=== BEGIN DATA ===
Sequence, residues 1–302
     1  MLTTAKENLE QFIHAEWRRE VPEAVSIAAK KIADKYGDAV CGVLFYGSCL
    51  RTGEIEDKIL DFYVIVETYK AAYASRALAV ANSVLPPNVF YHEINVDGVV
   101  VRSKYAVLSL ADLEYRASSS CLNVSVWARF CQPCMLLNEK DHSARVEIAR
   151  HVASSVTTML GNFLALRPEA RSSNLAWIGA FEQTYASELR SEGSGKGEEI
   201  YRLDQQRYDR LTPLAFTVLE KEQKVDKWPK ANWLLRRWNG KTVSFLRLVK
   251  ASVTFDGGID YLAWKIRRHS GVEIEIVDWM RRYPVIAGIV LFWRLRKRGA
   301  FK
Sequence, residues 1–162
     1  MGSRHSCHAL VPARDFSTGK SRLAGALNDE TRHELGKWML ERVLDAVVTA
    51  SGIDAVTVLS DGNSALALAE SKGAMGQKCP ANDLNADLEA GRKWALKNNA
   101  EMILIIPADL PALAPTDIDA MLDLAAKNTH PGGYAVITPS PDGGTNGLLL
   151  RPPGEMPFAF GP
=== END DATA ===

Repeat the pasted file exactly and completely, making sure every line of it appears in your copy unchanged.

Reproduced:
Sequence, residues 1–302
     1  MLTTAKENLE QFIHAEWRRE VPEAVSIAAK KIADKYGDAV CGVLFYGSCL
    51  RTGEIEDKIL DFYVIVETYK AAYASRALAV ANSVLPPNVF YHEINVDGVV
   101  VRSKYAVLSL ADLEYRASSS CLNVSVWARF CQPCMLLNEK DHSARVEIAR
   151  HVASSVTTML GNFLALRPEA RSSNLAWIGA FEQTYASELR SEGSGKGEEI
   201  YRLDQQRYDR LTPLAFTVLE KEQKVDKWPK ANWLLRRWNG KTVSFLRLVK
   251  ASVTFDGGID YLAWKIRRHS GVEIEIVDWM RRYPVIAGIV LFWRLRKRGA
   301  FK
Sequence, residues 1–162
     1  MGSRHSCHAL VPARDFSTGK SRLAGALNDE TRHELGKWML ERVLDAVVTA
    51  SGIDAVTVLS DGNSALALAE SKGAMGQKCP ANDLNADLEA GRKWALKNNA
   101  EMILIIPADL PALAPTDIDA MLDLAAKNTH PGGYAVITPS PDGGTNGLLL
   151  RPPGEMPFAF GP